My masseuse went on in a low voice, as though revealing the secrets of the universe: “Monique, the Frenchwoman, the client before you. You saw her as you came in. I think she’s had a hard time with men. When I told her my story, she said, èThere’s no trusting men. I will never trust another one.’ Something happened to her, it must have. I asked her but she just shook her head. Something must have happened to her, I’m sure. She will tell her story some day. She has to tell it. She still has a few days left here, she’ll tell me her story. She only ever wants me to give her her massage. She asks for me by name. She gave me her address in Paris and took mine. She’s sure to tell me her story. She said: èDon’t trust men.’ She’s right. Of course she’s right.”
I couldn’t give her the same advice. Why are women always talking about trust?
Hisham, the Prophet’s servant, did say: A man came complaining to the Prophet and said, “My wife does not reject the hands of those who touch her.”
The Prophet advised: “Divorce her.”
The man said, “I love her.”
The Prophet replied, “Then take pleasure in her.”
I have grasped this simple lesson: I take my pleasure with men and they take their pleasure with me. Full stop? I do not ask of them either love, or faithfulness, or devotion, or any commitment that might limit their horizons, close their eyes, or zip up their flies.
By the time Monique tells her story, I’ll be gone. I’ll have said good-bye to this sea, this country, this masseuse. By the time Monique tells her story, I’ll be gone, back to my life. Do I need to hear her story? History repeats itself. I know the words by heart.
She will say she found out he was betraying me.
She will say he came to her weeping because he loved another woman and couldn’t bear to lie to her any longer and so he had to tell her the truth, no matter how painful.
She will say that other well-intentioned people had already informed her, and when she confronted him he confessed to the crime and thanked her because she had relieved him of the burden of lying, so heavy to carry.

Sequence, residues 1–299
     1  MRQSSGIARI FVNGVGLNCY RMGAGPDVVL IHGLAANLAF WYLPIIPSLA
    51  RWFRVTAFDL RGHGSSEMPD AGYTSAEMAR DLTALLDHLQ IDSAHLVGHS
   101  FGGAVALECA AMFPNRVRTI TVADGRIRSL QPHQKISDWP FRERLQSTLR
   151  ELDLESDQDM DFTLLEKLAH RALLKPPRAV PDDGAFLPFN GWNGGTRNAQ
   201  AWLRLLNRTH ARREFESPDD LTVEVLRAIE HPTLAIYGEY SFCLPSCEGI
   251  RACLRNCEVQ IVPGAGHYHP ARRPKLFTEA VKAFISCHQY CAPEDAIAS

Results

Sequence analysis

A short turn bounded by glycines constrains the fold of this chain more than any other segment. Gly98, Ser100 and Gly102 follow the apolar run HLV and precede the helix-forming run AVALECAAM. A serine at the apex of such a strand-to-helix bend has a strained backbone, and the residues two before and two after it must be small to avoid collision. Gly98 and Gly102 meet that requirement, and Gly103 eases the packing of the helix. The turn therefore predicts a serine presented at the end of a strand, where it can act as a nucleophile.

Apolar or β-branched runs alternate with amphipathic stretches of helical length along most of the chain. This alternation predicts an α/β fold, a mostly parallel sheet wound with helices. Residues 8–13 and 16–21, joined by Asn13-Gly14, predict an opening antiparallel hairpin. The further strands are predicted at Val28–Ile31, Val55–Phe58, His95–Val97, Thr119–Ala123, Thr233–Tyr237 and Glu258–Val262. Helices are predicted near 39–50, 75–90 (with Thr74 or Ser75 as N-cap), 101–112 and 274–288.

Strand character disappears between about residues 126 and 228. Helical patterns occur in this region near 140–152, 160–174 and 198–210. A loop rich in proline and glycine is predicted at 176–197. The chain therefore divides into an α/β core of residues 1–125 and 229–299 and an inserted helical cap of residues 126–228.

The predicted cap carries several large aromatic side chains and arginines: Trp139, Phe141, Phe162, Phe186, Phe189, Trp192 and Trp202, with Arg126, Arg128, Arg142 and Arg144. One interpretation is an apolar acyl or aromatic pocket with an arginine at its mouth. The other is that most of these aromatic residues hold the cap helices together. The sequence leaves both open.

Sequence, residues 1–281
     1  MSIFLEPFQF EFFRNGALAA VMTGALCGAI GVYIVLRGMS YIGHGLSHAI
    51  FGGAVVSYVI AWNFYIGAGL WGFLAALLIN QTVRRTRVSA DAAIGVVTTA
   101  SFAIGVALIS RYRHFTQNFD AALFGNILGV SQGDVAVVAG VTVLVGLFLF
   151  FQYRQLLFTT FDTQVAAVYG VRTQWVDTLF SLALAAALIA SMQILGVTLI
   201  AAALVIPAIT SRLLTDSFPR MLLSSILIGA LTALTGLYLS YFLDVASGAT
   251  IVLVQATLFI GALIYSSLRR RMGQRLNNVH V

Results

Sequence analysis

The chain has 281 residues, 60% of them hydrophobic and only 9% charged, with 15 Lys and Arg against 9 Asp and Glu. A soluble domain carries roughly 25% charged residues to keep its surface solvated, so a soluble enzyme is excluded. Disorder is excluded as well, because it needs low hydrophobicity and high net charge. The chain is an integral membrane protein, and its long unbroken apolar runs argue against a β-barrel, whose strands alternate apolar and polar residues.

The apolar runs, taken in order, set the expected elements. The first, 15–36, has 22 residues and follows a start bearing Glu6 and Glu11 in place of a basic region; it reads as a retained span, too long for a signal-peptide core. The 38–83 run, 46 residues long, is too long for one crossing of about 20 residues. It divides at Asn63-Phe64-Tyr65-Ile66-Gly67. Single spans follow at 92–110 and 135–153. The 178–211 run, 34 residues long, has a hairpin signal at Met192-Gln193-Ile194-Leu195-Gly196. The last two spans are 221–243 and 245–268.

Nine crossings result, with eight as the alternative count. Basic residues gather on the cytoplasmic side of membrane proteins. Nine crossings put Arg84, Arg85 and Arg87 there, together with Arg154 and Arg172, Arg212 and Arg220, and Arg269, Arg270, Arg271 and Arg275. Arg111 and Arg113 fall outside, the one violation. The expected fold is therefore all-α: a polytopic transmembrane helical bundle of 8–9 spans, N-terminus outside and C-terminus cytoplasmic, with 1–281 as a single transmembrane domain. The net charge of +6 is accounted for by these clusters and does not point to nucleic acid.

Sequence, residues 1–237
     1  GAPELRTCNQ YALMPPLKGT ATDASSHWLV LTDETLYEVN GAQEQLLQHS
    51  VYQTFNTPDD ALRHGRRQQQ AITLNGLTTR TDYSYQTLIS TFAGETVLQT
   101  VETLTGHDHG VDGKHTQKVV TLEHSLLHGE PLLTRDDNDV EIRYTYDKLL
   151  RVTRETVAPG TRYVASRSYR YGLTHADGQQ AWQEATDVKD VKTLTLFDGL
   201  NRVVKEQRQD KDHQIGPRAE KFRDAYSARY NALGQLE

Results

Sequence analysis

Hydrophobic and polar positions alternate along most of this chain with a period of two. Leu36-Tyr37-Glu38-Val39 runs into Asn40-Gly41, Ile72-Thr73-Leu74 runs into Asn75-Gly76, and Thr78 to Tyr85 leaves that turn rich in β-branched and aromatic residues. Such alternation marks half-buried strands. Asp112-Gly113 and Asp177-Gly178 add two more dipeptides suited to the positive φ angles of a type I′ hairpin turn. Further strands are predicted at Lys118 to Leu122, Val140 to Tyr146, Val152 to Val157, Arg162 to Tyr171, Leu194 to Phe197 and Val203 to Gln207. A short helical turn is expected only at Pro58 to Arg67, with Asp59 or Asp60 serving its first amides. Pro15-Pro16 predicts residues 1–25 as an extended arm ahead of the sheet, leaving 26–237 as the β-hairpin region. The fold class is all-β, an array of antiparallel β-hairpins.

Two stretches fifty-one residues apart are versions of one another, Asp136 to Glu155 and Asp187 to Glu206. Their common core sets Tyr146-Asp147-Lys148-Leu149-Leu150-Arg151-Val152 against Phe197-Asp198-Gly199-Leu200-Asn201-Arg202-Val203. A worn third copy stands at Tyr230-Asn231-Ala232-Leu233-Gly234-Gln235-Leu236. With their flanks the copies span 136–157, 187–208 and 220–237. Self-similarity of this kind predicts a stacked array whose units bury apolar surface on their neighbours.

She will say, after all those years of marriage she had discovered that he preferred men. That he had a lover. That everyone knew except her.
She will say, he packed his bags and left the house.
She will say she cannot bear for someone to betray her trust.
She will say that men do not deserve our trust.
Will she talk about her loneliness? Will she talk about her search for another man? Will she talk about the nights out with her single girl friends? About the matrimonial agencies and singles clubs and Internet dates?
Men do not deserve our trust?
As I arrived, Monique was coming out of the booth. A dyed blonde with a smile stuck to her face, which shone with massage oil.
“Next time Monique comes from Paris, she’ll bring me a face cream. She made me swear to ask her for whatever I want. She’ll give me a call as soon as she arrives. The first day she asked me to put her in touch with someone who could give her a hair removal treatment with sugar. You know the sugar treatment? You use it in your country too? She wants to remove all the hair on her body—legs, arms, armpits, and the face too. Everything. I sent a friend of mine to her room at the hotel and she was very pleased. It costs her a lot less that way than if she goes to a beauty salon. She wants to go to the hammam in the city center, too, not to the hotel bathhouse. I’m going to go with her on my day off. I only get a half day off each week. My daughter’s with my sister in the capital. She insisted on staying with her for the school vacation. She’s a help to me. I love your accent. It sounds so nice. There’s a serial from your country that I watch every evening. It’s fantastic. I’ve forgotten the name. Excuse me just a moment, I’ve got to go put the music on and I’ll be right back.”
A song from the Gulf that I don’t know precedes her return:
Ah, you beauty, who, when you came, Cast all others in the shade! You looked down upon us And of all that light yet more light you made!
I haven’t listened to Arabic songs since the time of the Thinker. Songs from the Gulf are new to my ear.
Why does he haunt my thoughts so insistently after all these years?
From The Proof of the Honey. Copyright 2008 by Europa Editions. Forthcoming May 2009 from Europa Editions. By arrangement with the publisher. All rights reserved.